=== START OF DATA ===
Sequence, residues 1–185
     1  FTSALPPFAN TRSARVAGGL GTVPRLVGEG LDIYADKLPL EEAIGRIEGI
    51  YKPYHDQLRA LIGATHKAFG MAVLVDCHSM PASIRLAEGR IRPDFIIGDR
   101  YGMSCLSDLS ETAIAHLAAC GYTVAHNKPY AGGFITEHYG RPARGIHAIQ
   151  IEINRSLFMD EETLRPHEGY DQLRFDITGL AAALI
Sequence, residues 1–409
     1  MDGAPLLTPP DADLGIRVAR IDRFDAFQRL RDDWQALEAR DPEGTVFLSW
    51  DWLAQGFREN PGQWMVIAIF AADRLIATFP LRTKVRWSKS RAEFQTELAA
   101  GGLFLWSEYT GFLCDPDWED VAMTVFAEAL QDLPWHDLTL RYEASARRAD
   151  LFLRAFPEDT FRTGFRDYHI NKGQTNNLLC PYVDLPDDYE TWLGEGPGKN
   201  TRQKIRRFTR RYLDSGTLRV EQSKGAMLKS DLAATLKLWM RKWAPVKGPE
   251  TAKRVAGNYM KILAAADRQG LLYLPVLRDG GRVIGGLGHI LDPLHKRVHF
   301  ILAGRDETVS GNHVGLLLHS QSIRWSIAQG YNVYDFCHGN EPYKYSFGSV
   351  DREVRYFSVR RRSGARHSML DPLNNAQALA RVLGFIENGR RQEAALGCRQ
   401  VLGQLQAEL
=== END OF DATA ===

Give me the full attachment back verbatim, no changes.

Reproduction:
Sequence, residues 1–185
     1  FTSALPPFAN TRSARVAGGL GTVPRLVGEG LDIYADKLPL EEAIGRIEGI
    51  YKPYHDQLRA LIGATHKAFG MAVLVDCHSM PASIRLAEGR IRPDFIIGDR
   101  YGMSCLSDLS ETAIAHLAAC GYTVAHNKPY AGGFITEHYG RPARGIHAIQ
   151  IEINRSLFMD EETLRPHEGY DQLRFDITGL AAALI
Sequence, residues 1–409
     1  MDGAPLLTPP DADLGIRVAR IDRFDAFQRL RDDWQALEAR DPEGTVFLSW
    51  DWLAQGFREN PGQWMVIAIF AADRLIATFP LRTKVRWSKS RAEFQTELAA
   101  GGLFLWSEYT GFLCDPDWED VAMTVFAEAL QDLPWHDLTL RYEASARRAD
   151  LFLRAFPEDT FRTGFRDYHI NKGQTNNLLC PYVDLPDDYE TWLGEGPGKN
   201  TRQKIRRFTR RYLDSGTLRV EQSKGAMLKS DLAATLKLWM RKWAPVKGPE
   251  TAKRVAGNYM KILAAADRQG LLYLPVLRDG GRVIGGLGHI LDPLHKRVHF
   301  ILAGRDETVS GNHVGLLLHS QSIRWSIAQG YNVYDFCHGN EPYKYSFGSV
   351  DREVRYFSVR RRSGARHSML DPLNNAQALA RVLGFIENGR RQEAALGCRQ
   401  VLGQLQAEL